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Education Matters

The Coolest Recipes to Beat the Summer Heat

Submitted by Edmonton Public Library

Written by Caroline Land

Weather forecasters are predicting a hot summer in Edmonton. Looking for ways to beat the heat? Check out EPL's collection of cookbooks for desserts that can help keep you cool all summer long. I scream, you scream, we all scream for ice cream! These are perennial favourites and go down easy on hot summer days:

Icebox Desserts Go beyond ice cream with these ideas for cool parfaits, mousses, puddings, and more. I bet your grandparents' iceboxes never looked like this!

 

People's Pops Think that popsicles are just for kids? Think again! Check out some of New York City's hottest pops in this book from Brooklyn's People's Pops.

 

Pops! Do you like your pops chocolatey? Maybe fruit-flavoured pops are more your thing. Pops! promises icy treats for everyone, no matter what your taste preferences are.

 

Paletas Add a Mexican twist to your popsicles and treats with this book of recipes for paletas and other icy delights.

 

The Vegan Scoop Looking for a vegan alternative to ice cream? Try The Vegan Scoop for some ideas!

 

After you've eaten your ice cream and you need a break from the sun, drop by any of our air conditioned locations to check out even more books and cool off for even for longer!

For the full article and more information about EPL, please visit: https://www.epl.ca/blogs/post/the-coolest-recipes-to-beat-the-summer-heat/

Top 5 Ways to Cheer Up the Lonely Days - Edmonton Public Library

Written by Hilary Kirkpatrick, EPL Outreach Worker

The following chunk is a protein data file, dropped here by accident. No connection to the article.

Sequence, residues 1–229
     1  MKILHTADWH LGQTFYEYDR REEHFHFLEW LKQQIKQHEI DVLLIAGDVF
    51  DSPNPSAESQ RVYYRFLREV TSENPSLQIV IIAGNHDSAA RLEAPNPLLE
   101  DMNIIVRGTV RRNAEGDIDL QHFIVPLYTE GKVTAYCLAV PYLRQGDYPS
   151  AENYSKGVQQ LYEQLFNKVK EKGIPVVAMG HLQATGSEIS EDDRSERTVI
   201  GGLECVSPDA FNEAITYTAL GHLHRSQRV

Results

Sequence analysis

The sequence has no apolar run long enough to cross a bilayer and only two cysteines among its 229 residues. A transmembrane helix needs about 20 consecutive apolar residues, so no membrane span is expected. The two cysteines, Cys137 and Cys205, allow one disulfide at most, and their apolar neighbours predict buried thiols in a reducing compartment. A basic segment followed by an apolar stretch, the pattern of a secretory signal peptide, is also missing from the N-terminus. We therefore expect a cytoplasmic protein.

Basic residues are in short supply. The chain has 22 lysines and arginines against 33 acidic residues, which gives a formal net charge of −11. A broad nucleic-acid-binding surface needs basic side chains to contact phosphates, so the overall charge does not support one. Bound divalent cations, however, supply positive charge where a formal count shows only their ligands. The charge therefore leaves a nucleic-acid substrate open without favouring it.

As a social worker for the Edmonton Public Library, I know the importance of community building and making connections for those who are feeling lonely. Having a supportive network of people and meaningful connections can give us the boost we need to feel better about ourselves and have a positive outlook on life. At EPL, there are programs specifically designed to meet the needs and interests of all EPL customers, which help bring people in the community together.

Here are the top 5 ways to utilize your local library to help alleviate loneliness:

1.     EPL Book Clubs – Book clubs offer a space where you can meet new people with similar interests (hello, fellow avid readers!) and discuss the means and motives of your favourite literary characters. Friendships are sure to blossom over a cup of tea and a wonderful book! 

2.       Baby Lap Time and Sing, Sign, Laugh and Learn Programs – New parents are at times isolated by the needs of their new little family member, and early literacy programs can provide the opportunity to make a connection for parents while babies learn through play, song and story. These interactive, free, drop-in programs are a great opportunity to connect with other new parents and give your little one a head-start.

3.       Makerspace Programs – Did you know that expressing yourself creatively in a way that is meaningful to you can help you combat loneliness? EPL Makerspace programs offers sound-booths to record a song, binding and printing services for your writing, or the opportunity to create a mini-movie with the green screen! Make friends and enjoy a fun project all at the same time!